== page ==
Autonomic Nervous Systems
The difference between uses of a selective alpha-1 blocker to using a non-selective alpha-blocker is:
|A||Less reflex tachycardia|
|B||Decreased postural hypotension|
a. Alpha-adrenergic receptors mediate many of the important actions of endogenous catecholamines.
b. Responses of particular clinical relevance include alpha-1 receptor mediated contraction of arterial and venous smooth muscles.
c. Alpha-2 receptors are involved in suppressing sympathetic output, increasing vagal tone, facilitating platelet aggregation, inhibiting the release of norepinephrine and acetylcholine from nerve endings, and regulating metabolic effects.
d. These effects include suppression of insulin secretion and inhibition of lipolysis.
e. Blockade of alpha-1 adrenergic receptors inhibits vasoconstriction induced by endogenous catecholamines; vasodilatation may occur in both arteriolar resistance vessels and veins. The result is a fall in blood pressure due to decreased peripheral resistance.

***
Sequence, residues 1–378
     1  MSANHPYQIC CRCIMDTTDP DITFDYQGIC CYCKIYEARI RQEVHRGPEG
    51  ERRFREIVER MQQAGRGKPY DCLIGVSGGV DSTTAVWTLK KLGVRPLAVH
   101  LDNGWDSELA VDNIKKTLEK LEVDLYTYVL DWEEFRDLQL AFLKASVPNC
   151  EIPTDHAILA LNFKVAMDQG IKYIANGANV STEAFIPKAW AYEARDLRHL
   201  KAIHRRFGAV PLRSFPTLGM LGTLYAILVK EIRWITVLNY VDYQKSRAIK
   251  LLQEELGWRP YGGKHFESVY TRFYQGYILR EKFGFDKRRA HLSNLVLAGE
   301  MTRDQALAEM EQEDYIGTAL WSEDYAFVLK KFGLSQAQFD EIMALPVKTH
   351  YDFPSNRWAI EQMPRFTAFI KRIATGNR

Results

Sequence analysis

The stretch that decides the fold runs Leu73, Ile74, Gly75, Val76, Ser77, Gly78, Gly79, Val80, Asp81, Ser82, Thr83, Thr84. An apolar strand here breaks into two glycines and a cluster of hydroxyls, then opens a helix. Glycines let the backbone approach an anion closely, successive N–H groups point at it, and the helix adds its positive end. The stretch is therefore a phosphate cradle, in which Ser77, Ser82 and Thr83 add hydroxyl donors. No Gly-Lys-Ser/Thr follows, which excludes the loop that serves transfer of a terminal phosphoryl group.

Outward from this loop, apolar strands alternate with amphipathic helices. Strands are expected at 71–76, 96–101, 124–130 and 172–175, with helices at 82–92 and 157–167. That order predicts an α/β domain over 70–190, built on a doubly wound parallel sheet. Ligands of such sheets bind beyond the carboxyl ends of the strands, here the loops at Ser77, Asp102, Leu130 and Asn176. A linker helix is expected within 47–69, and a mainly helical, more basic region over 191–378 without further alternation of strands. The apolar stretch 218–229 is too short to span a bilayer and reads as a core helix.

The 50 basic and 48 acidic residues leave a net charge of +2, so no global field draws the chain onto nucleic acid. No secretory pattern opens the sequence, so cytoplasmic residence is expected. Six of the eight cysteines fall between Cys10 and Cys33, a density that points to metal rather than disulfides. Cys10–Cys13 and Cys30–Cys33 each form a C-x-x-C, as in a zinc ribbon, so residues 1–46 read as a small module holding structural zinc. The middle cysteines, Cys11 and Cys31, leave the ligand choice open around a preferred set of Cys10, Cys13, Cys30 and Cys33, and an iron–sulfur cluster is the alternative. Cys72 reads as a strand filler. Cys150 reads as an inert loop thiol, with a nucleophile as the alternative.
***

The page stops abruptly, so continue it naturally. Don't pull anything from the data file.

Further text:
f. For most alpha-adrenergic antagonists, the fall in blood pressure is opposed by baroreceptor reflexes that cause increase in heart rate and cardiac output, as well as fluid retention. These reflexes are exaggerated if the antagonist also blocks alpha-2 receptors.